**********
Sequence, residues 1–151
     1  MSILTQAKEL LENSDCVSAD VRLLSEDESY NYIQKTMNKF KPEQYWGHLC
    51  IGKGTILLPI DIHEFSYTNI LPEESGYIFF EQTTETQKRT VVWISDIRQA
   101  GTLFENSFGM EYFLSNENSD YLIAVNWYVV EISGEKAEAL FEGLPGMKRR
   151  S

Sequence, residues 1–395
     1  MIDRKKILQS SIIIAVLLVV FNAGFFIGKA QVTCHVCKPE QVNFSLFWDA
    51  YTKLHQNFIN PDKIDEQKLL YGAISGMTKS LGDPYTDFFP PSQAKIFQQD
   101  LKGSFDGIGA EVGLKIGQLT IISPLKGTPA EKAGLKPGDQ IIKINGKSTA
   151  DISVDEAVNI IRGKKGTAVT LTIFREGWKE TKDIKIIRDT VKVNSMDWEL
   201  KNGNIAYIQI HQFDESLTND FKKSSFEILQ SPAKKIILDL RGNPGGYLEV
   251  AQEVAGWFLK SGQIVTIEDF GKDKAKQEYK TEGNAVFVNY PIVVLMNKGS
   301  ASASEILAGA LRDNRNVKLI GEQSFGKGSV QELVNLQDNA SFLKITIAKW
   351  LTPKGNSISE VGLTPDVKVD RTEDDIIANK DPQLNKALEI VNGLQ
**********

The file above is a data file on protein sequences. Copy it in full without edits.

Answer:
Sequence, residues 1–151
     1  MSILTQAKEL LENSDCVSAD VRLLSEDESY NYIQKTMNKF KPEQYWGHLC
    51  IGKGTILLPI DIHEFSYTNI LPEESGYIFF EQTTETQKRT VVWISDIRQA
   101  GTLFENSFGM EYFLSNENSD YLIAVNWYVV EISGEKAEAL FEGLPGMKRR
   151  S

Sequence, residues 1–395
     1  MIDRKKILQS SIIIAVLLVV FNAGFFIGKA QVTCHVCKPE QVNFSLFWDA
    51  YTKLHQNFIN PDKIDEQKLL YGAISGMTKS LGDPYTDFFP PSQAKIFQQD
   101  LKGSFDGIGA EVGLKIGQLT IISPLKGTPA EKAGLKPGDQ IIKINGKSTA
   151  DISVDEAVNI IRGKKGTAVT LTIFREGWKE TKDIKIIRDT VKVNSMDWEL
   201  KNGNIAYIQI HQFDESLTND FKKSSFEILQ SPAKKIILDL RGNPGGYLEV
   251  AQEVAGWFLK SGQIVTIEDF GKDKAKQEYK TEGNAVFVNY PIVVLMNKGS
   301  ASASEILAGA LRDNRNVKLI GEQSFGKGSV QELVNLQDNA SFLKITIAKW
   351  LTPKGNSISE VGLTPDVKVD RTEDDIIANK DPQLNKALEI VNGLQ